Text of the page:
KM-Everywhere But No Place (Messages From The Unseen World) – Mark Foster


Title: Everywhere But No Place (Messages From the Unseen World)

Author: Mark Foster

Series: Yes, 1st in series

Category: Drama / Mystery / Technology / Suspense

Length:  531 pages

My Rating: 8/10

A clinical psychologist named Hans Schleiman has come up with a better system for “rehabilitating” criminals in our prison systems. A “Schleiman Tank”, which houses a prisoner and keeps them on life support for the duration of their sentence, allows the prisoner to be transported in to a virtual reality that will house him for the amount of time that he/she are imprisoned. This cuts down on costs of housing, feeding, issues of overcrowding, etc., all by allowing hundreds of inmates to reside in what is essentially a glass sarcophagus within a warehouse. While still in the experimental stages, Jack Denver, armed robber and murderer, is put into a tank after weeks of preparation.

Jack Denver wakes up in an unknown world after being submerged in the tank. It’s a basic, crude world lacking most of today’s amenities, notably, technology. Through his adventure in finding sanctum among a local village and befriending an enigmatic man named Vale, he learns that this “virtual reality” takes place after the year 14,000, when technology has already caused the fall of mankind. Now, even owning books about technology can be punishable by crucifixion. He begins to make a new life, and becomes comfortable in the new world.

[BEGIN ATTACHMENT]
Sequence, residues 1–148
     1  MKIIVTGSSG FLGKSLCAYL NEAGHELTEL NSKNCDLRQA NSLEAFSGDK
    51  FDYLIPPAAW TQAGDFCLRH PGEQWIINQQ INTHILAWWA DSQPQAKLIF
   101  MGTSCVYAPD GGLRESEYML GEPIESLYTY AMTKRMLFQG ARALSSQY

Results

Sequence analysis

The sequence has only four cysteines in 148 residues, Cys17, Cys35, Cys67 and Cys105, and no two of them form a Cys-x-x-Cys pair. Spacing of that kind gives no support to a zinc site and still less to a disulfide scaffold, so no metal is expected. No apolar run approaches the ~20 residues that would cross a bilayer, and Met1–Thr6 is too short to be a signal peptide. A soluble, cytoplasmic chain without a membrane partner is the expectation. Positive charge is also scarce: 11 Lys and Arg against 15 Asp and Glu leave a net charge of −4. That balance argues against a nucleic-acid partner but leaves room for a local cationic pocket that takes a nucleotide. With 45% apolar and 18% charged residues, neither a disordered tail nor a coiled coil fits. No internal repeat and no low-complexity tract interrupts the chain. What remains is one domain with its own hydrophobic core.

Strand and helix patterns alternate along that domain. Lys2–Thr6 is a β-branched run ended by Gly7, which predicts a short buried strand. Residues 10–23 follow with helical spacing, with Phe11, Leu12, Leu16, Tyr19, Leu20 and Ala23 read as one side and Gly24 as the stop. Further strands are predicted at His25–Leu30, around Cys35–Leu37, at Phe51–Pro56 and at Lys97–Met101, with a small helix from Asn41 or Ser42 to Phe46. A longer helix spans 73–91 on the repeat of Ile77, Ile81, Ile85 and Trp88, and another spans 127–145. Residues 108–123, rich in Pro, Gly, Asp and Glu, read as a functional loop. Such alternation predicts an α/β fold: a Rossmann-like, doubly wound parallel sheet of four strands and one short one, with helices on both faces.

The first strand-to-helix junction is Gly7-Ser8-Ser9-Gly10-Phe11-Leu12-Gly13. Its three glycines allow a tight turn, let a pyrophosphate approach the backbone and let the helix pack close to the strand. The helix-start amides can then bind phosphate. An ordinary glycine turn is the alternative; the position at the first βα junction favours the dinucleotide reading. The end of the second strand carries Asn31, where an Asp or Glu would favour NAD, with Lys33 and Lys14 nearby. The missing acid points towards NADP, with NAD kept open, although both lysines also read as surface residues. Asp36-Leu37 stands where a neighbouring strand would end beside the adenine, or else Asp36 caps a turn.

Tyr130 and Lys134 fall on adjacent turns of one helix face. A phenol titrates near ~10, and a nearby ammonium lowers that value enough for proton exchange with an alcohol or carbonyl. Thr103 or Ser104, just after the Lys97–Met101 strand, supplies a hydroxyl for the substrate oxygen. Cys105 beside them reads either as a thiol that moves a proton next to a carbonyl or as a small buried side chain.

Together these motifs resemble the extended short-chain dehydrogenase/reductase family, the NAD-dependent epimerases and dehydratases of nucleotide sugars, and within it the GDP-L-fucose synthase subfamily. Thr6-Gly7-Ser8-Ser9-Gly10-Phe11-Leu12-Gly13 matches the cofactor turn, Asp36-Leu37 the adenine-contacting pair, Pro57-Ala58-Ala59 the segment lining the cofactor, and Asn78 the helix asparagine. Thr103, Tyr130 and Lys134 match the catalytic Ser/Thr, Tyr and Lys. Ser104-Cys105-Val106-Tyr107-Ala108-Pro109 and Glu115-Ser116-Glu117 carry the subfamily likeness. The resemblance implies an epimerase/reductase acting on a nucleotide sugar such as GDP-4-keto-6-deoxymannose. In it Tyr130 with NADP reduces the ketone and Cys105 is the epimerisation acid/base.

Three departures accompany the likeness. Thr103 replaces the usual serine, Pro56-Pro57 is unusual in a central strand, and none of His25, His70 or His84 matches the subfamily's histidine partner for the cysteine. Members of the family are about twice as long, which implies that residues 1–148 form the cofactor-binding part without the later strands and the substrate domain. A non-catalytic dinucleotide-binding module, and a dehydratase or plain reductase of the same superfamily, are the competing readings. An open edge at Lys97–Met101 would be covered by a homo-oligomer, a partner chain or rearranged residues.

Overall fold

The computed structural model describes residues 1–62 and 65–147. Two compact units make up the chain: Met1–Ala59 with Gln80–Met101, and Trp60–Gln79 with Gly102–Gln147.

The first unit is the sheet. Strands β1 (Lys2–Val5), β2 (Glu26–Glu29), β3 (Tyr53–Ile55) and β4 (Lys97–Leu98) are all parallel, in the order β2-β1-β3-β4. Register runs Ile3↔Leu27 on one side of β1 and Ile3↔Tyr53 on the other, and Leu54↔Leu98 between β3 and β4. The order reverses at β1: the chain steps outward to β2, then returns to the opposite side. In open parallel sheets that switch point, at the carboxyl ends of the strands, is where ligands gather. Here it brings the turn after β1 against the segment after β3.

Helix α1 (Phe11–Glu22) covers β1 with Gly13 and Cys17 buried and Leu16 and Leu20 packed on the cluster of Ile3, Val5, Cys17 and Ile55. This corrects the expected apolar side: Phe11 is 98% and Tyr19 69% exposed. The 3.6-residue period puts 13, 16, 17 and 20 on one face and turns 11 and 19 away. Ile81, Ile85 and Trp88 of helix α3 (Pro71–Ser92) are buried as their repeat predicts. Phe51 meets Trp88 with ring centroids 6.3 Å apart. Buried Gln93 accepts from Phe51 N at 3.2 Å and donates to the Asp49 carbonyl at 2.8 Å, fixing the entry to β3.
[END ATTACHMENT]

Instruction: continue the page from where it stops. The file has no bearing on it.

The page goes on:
Meanwhile, back in the “real” world, a man named Haze is desperately trying to track down Denver, and work his way in to the world Denver is currently inhabiting, regardless of it being a secure network and nearly impenetrable fortress. His life hangs in the balance depending on whether or not he can recover information from Denver.

Haze’s entrance in to the world threatens the very fabric of the existence of the virtual reality world, and causes major ripples and tears within the world that cannot completely be healed by the Host.

Will the world hold up long enough for Haze to save his own life and Denver’s family’s lives, or will the entire virtual reality collapse before anything can be accomplished?
While Science Fiction is normally out of my genre, this one was quite the read. I enjoyed it thoroughly. I could feel the emotions that Foster put in to creating each character, and could tell that he had a genuine love for writing. For anyone who is a fan of science fiction or virtual reality, alternate universes, etc., it’s a must-read.


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Filed under Action, Drama, Fantasy, Fiction, Mystery, Psychological Thriller, Series

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